Last week I shot production photos for The Horizon Theater‘s play Shooting Star by Steven Dietz. It was a really cool process. Very fast paced and challenging. Basically, the director ran the actors through bits of the entire play and we tried to get cool shots that captured the essence of what was going on. I just ran around the theater and on stage or wherever I could while they were running scenes and tried to get interesting shots. Actors Jim Hammond and Leigh Campbell-Taylor were really amazing, and very friendly and gracious considering they had to put on a real performance of the play like an hour after we finished shooting. Check out some of the shots after the nerdout.
(Skip down to the pictures if you don’t want to nerd out….)
PHOTOGRAPHER NERDOUT SECTION: Anyone who has tried to shoot in low light knows what a challenge it can be to minimize blurring from camera shake and to freeze movement from your subject. What you need in order to do that is to use a faster shutter speed. On this shoot there was a ton of movement so I had to do a couple of things to make sure I could use a faster shutter speed. Here are a couple of things you can do to get a faster shutter speed, but also to get away from using a flash, especially that disgusting on-camera flash, and to capture the light more like your eye sees it.
ISO: Don’t be afraid to jack up the ISO as high as you can stand it. ISO is sort of like a representation of the light sensitivity of your camera. Lower ISO numbers mean less sensitivity to light; higher ISO numbers mean more sensitivity to light. For these shots I used ISO 800 which isn’t really all that high, and that along with the lens I used, that kept my shutter speed around 1/125-1/200th depending on how the stage lights fell on the subjects. That speed is usually plenty good enough to capture a lot of movement and keep everything looking crisp.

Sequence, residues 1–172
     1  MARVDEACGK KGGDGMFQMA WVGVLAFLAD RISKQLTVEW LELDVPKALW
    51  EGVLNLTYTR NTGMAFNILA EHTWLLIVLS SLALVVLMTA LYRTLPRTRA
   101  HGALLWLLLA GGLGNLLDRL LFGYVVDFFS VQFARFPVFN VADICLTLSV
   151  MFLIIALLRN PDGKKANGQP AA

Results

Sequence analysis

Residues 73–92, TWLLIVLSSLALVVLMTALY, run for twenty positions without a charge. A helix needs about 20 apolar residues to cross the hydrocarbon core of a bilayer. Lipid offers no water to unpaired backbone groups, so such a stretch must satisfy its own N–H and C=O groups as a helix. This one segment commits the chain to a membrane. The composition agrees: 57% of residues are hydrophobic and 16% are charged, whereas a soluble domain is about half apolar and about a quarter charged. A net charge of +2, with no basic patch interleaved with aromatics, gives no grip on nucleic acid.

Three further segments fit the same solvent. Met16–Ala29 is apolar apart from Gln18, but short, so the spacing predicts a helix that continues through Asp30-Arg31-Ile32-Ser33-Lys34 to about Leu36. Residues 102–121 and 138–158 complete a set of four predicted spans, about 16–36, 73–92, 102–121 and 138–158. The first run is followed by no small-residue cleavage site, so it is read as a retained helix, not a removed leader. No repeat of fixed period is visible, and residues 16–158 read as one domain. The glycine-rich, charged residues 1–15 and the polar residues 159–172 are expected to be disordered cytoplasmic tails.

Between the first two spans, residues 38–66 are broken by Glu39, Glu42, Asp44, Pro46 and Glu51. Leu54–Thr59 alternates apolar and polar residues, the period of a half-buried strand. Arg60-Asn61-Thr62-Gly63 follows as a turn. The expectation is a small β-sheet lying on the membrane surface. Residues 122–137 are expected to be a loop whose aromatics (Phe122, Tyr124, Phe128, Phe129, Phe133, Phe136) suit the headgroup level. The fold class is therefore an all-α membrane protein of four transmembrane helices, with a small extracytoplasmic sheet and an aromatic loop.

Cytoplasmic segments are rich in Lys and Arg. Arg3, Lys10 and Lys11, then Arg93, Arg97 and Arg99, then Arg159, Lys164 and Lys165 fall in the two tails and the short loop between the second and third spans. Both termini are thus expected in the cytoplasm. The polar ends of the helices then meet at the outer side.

One note on using high ISO. The higher ISO number, usually the more “noise” or graininess your pictures will have. Photographers–definitely including me–are obsessive about minimizing the noise or graininess that high ISO can cause on almost all digital cameras that cost less that $2000. BUT image noise or grain is usually a whole lot prettier to look at than a blurry subject. And there are an abundance of post processing options out there for smoothing grain and reducing noise (I use Adobe Lightroom and like it a lot.).
FAST PRIMES: The best way to get more light in that there camera of yours is to open up your aperture as wide as you can get it. Most inexpensive “kit lenses” that come with cameras only open up to f/3.5 at the widest focal length, usually 18mm or so, and around f/5.6 at the narrowest focal length, usually around 50mm. For these shots I used a 50mm/f1.8 lens, which has a fixed focal length of 50mm. These kinds of lenses are called fixed focal length or “prime” lenses. Because lenses like this can open up to really wide apertures like f/1.8 or 1.4 or even 1.2, they are very often called “fast primes” by the photography literati.
I shot at f/1.8 for all of these shots, and that’s pretty fast. F/1.8 is much faster than f/3.5-5.6. In the situation I was shooting in it’s the difference between shooting at around 1/200th of a second with my lens or something around 1/30th-1/15th with one of those slow kit lenses. That’s a huge deal when you’re shooting in low light and don’t want to use a tripod and want to freeze movement. You can buy the 50mm/1.8 for around $100, which is sort of unbelievable. So you should already have it is what I’m saying. 😉
So yeah, just a couple of ideas for getting faster shutter speeds without using flash. Hope it helps you if you were having trouble. Questions and comments are welcome below.